Split physical care occurs when each parent has a majority of parenting time with some but not all of the children of the parties and each parent has the majority of parenting time with at least one minor child. This is how a split physical care child support obligation is determined:

(1) The support obligation for the first parent is determined as a basic income shares calculation:

- each parent’s net income is determined
- the net income of each parent is added to become the combined net income.
- the basic child support obligation is determined by comparing the number of children to whom the second parent has a majority of allocated parenting time with. For purposes of selecting the appropriate basic child support obligation, the number of children on the chart will be only the number of children with the second parent regardless of the total number of minor children the parties have.
- the percentage share of combined net income for the first parent will be determined by dividing the first parent’s net income by the combined net income.
- the percentage share of combined net income for the first parent will be multiplied against the basic child support obligation to determine the first parent’s obligation to the second parent.

(2) The support obligation for the second parent is determined as a basic income shares calculation:

- each parent’s net income is determined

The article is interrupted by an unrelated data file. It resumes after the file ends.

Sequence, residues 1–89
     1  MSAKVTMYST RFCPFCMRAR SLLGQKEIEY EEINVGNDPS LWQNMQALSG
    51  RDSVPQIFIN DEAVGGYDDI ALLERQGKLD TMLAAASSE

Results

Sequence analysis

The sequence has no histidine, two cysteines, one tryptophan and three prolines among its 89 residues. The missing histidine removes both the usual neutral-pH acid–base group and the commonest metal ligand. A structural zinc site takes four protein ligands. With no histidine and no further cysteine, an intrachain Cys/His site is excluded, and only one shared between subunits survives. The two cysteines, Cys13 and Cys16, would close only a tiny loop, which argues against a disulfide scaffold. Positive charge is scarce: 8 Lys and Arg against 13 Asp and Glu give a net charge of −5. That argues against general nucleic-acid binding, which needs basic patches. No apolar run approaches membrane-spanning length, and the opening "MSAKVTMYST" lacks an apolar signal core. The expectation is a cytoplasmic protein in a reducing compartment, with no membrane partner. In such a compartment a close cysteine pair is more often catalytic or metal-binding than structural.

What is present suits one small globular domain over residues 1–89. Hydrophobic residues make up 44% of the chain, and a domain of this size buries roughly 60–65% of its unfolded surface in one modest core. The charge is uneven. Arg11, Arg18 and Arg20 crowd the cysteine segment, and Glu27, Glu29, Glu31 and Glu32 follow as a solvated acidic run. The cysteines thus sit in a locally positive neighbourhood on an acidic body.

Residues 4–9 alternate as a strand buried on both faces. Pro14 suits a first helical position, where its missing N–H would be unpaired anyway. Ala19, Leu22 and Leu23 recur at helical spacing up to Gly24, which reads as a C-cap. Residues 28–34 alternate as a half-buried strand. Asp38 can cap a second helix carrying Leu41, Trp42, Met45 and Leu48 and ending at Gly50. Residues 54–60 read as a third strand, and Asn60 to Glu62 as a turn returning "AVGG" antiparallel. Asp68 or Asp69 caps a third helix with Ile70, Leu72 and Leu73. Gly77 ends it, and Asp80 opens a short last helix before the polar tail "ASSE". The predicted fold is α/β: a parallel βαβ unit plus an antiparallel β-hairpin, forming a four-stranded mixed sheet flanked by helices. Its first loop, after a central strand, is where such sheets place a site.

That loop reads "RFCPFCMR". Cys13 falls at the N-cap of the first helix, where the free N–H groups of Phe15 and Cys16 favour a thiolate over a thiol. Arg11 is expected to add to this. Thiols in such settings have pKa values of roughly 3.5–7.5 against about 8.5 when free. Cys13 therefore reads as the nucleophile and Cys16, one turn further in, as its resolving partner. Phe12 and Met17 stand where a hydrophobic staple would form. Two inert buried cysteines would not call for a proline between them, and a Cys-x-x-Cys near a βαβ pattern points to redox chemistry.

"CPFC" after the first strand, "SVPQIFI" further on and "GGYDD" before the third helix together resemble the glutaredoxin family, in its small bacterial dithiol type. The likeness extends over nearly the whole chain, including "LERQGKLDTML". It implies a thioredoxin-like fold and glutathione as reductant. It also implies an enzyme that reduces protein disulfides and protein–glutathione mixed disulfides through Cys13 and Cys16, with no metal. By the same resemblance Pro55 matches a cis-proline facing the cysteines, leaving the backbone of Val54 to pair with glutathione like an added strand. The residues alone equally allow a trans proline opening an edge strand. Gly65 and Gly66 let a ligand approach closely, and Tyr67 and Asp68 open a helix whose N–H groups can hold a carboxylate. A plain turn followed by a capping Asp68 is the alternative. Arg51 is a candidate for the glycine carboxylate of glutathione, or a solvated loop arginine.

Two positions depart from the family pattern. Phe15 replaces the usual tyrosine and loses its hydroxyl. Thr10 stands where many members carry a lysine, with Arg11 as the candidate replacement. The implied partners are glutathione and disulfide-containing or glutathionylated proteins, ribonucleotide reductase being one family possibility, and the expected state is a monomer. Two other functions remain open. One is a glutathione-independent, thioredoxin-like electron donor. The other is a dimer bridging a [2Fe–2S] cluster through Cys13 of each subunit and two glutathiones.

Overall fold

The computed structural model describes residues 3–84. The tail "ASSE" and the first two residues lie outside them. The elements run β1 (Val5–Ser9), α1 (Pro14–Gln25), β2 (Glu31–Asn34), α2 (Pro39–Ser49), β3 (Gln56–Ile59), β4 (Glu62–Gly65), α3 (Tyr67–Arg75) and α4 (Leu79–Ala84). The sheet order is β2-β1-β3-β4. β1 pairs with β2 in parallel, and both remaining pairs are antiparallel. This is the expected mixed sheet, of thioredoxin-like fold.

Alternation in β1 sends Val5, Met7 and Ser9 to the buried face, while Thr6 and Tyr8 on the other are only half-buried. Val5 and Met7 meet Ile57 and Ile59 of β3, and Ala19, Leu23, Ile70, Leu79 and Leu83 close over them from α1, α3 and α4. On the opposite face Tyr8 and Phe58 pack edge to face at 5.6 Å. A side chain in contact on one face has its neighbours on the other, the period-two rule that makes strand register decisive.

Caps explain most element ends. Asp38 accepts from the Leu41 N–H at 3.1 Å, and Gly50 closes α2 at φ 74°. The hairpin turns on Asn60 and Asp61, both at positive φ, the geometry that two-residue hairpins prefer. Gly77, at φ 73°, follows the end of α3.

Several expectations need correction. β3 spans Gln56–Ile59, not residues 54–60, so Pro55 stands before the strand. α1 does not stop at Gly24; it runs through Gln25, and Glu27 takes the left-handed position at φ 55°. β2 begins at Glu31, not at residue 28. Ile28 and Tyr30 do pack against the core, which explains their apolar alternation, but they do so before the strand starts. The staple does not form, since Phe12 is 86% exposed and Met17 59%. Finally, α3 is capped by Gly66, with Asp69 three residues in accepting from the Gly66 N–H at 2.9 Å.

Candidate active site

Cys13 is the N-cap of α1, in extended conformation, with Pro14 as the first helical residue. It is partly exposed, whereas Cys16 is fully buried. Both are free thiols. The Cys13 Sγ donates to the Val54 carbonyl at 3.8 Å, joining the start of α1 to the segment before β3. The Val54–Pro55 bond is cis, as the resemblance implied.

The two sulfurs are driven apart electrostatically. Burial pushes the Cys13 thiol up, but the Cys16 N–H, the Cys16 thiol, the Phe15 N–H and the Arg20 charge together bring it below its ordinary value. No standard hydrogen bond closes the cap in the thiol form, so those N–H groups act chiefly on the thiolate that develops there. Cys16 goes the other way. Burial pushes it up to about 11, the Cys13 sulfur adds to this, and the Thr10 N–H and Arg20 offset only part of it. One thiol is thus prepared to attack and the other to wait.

- the net income of each parent is added to become the combined net income.
- the basic child support obligation is determined by comparing the number of children to whom the first parent has a majority of allocated parenting time with. For purposes of selecting the appropriate basic child support obligation, the number of children on the chart will be only the number of children with the first parent regardless of the total number of minor children the parties have.
- the percentage share of combined net income for the second parent will be determined by dividing the second parent’s net income by the combined net income.
- the percentage share of combined net income for the second parent will be multiplied against the basic child support obligation to determine the second parent’s obligation to the first parent.

(3) The difference between the two obligations will be paid by the parent with the larger support obligation to the parent with the smaller obligation.

Example:

Dennis and Natasha are living on opposite sides of the Atlantic and they have two daughters, Hallie and Annie. Hallie lives full time with Dennis and Annie lives full time with Natasha. Dennis’s net income is $4,000 per month and Natasha’s net income is $6,000 per month. To determine the child support obligation:

- combined net income for the parties is $10,000 per month.
- the basic child support obligation for one child based upon a combined net income of $10,000 and one child is $1,445.
- Dennis’s percentile share of net income is 40% or .40.
- Dennis owes a child support obligation to Natasha of $578 (1445 x .40 = 578).
- Natasha’s percentile share of net income is 60% or .60
- Natasha owes a child support obligation to Dennis of $867 (1445 x .60 = 867).
- The difference between 578 and 867 is $289.
- Natasha will pay Dennis $289 per month.